On Thursday the Women’s Centre is hosting an International Women’s Day event which is open to all the ladies in the community. There will be lots of activities for you to take part in and enjoy. If you haven’t been to the centre then this is a great chance to come along and see what we do.
For 16 Days of Action to mark the international campaign for the Elimination of Violence against Women, we’ve had the privilege of hearing from Meerim from Kyrgyzstan and Thu from Vietnam here at The Women’s Centre. They gave brilliant presentations on the challenges facing women and girls in their countries.
Thu spoke of the level of domestic abuse in Vietnam. With 58% of women in the country reported to experience the problem, it is widespread. She also spoke of the pressures of women to give birth to boys and the problems that arise from this.
As is common here, domestic abuse is a shameful topic for many women. In Vietnam few women will confide in anyone about their abuse, keeping it a secret, and will continue to experience violence and mental abuse throughout their marriages.
However, there are some progressive initiatives in Vietnam that are paving the way to combatting domestic abuse. Pioneering programmes run by men against abuse are taking off, much like the White Ribbon campaign. Safe addresses in neighbourhoods are growing in number. These are places women experiencing abuse can go for support.
The participation of women in politics in Vietnam sits below a target rate of 35%. Despite there being a number of women in elected politics, Thu outlined that many of the positions they hold are not influential, so gender discrimination is a big issue here.
Meerim opened our eyes with her presentation on the challenges facing women and girls in Kyrgyzstan. She focused in particular on the fact that in her country many women do not have a choice as to whether or not they marry. The shocking practice of bride kidnapping that sees young girls and women abducted and forced into marriage is widespread.
In fact, 20% of marriages in Kyrgyzstan are as a result of ‘bride-napping’. The tragedy of this practice is clear and the roles that cultural superstition and lack of gender equality play are important to understand as part of combatting its prevalence.
It was explained by Meerim that girls can be seen as a burden and, with education being very expensive in the country, being married becomes the default progression for a lot of young women. An overall shift in attitudes toward women and girls and bride kidnapping is being furthered by international organisations and local activists in the country, so there is a growing awareness around the associated issues.
There is much progress to be made in both countries, as there is here in Scotland. Education on an international level is an important part of this progress, especially with the power of social media to influence change. We’re grateful to Meerim and Thu for educating us.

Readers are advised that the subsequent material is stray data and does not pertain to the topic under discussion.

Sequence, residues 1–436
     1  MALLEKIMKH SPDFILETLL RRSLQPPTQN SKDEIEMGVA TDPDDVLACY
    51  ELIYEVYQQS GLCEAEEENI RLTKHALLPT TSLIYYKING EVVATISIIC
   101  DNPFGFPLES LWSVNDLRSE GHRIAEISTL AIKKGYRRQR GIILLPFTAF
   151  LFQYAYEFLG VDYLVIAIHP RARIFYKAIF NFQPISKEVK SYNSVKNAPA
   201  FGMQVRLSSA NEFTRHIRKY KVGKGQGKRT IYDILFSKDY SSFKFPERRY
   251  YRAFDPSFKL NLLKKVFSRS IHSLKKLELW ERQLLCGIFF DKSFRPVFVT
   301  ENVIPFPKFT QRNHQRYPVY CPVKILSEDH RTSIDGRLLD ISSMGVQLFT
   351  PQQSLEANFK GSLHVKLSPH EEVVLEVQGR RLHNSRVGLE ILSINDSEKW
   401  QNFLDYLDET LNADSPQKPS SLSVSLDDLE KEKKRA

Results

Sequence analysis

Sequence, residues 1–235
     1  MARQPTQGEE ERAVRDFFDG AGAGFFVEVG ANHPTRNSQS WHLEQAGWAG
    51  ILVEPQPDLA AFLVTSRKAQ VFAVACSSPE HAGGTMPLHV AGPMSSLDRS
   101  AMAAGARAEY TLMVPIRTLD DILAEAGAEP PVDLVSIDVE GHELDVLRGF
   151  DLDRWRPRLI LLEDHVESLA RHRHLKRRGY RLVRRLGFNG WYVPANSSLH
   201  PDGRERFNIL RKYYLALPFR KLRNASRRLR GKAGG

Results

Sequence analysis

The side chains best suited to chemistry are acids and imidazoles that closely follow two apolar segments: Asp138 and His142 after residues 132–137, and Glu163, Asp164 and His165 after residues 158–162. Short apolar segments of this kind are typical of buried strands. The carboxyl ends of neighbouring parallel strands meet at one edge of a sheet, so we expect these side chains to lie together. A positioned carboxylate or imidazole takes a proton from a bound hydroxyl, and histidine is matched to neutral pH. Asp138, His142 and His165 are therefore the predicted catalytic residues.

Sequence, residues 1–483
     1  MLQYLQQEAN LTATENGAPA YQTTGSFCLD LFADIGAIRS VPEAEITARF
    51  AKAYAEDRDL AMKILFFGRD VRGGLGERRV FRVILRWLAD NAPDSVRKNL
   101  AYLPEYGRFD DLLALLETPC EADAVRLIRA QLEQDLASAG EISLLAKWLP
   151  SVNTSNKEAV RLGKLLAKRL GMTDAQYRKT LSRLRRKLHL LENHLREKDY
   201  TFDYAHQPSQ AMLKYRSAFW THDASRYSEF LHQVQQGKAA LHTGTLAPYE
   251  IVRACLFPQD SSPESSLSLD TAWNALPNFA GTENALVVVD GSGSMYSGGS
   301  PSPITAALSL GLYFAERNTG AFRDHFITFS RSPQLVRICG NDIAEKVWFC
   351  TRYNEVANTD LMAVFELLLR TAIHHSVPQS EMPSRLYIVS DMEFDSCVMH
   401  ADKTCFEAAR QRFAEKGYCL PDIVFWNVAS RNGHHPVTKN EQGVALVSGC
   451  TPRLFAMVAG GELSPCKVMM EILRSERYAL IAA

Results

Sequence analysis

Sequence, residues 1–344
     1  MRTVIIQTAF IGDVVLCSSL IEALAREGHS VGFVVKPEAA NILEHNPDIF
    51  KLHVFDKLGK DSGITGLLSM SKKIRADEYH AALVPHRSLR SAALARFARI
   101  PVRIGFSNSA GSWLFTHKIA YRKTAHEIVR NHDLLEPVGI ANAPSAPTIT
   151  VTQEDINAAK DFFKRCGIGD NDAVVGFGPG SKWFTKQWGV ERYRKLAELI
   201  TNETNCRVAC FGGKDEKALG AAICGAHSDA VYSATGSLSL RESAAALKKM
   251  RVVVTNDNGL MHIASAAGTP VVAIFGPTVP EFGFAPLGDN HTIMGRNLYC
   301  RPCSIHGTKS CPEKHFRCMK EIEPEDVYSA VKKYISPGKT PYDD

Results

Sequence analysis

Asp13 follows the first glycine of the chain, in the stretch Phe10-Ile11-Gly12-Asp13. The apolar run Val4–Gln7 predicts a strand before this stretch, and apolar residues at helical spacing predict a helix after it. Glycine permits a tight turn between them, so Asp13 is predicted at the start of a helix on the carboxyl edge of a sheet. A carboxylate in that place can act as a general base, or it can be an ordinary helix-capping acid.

At The Women’s Centre we’re running our 16 Days of Action activity from the 25th November until the 10th December to mark the international campaign for an end to violence against women and girls. We’re running a whole host of activities including Sharing Lives, a look at the lives of women in Kyrgyzstan and Vietnam. We’re also running a personal safety workshop for women with a discussion on confidence and self-esteem. Crucially, we are running a seminar on domestic abuse and coercive control. Here are all the details of what we’re running over the 16 days…
Sharing Lives, the cultures and traditions of Kyrgyzstan and Vietnam with Meerim and Thu, 10am-12pm
Safety Session provided by WISE Women – a participative session on how to stay safe with a discussion on confidence and self-esteem, 10:30am-11:30am
Sharing Lives follow-up from Meerim and Thu on Kyrgyzstan and Vietnam with a focus on the challenges facing women in their countries, 10am-12pm
Film afternoon. Join us for a screening of “9 to 5” starring Dolly Parton, 1pm-3pm
Remembering Glasgow’s Forgotten Women. An informal session looking at the history behind the “Glasgow System”, a time in our city’s history which saw the collusion of the church, local authorities, police and medical profession to enforce the social repression of women, 10:00am-11:30am
Seminar: Domestic Abuse and Coercive Control. The seminar is aimed at anyone who’s interested in finding out more about the current developments around these disturbing issues affecting not only individuals but families and the wider community. Jan McLeod from The Women’s Support Project will provide an update on domestic abuse and detail the meaning of coercive control as well as giving latest statistics on the extent of the problem.
Naomi Breeze will perform one-woman play “Kaleidoscope” which addresses the effects of coercive control, 12:00pm-3:00pm
Women’s Festival. A day of celebration of women with activities all afternoon including threading, henna, Songs for Freedom, Maryhill Integration Network’s dancers and a daytime disco with Weekday Wow Factor, 12:00pm-3:00pm
For any information on any of these events, or to book a place call 0141 576 1400 or email firstname.lastname@example.org
We look forward to seeing you!
The Women’s Centre Glasgow Cafe and garden is at the heart of the local community and is where women meet their friends, ideas are exchanged, and their children play.
There are roles for women to become volunteer Cafe Assistants in our new café which will be launching soon. Training will be provided.
Open 5 days per week, the cafe provides good, home cooked food at an affordable price to enable the women in the local community to access healthy meals out. The cafe not only serves good food but aim to provide a warm, friendly and welcoming space where women can come to meet and eat.
For more information or if you are interested in volunteering with us, please contact Denise on 0141 576 1400 or email email@example.com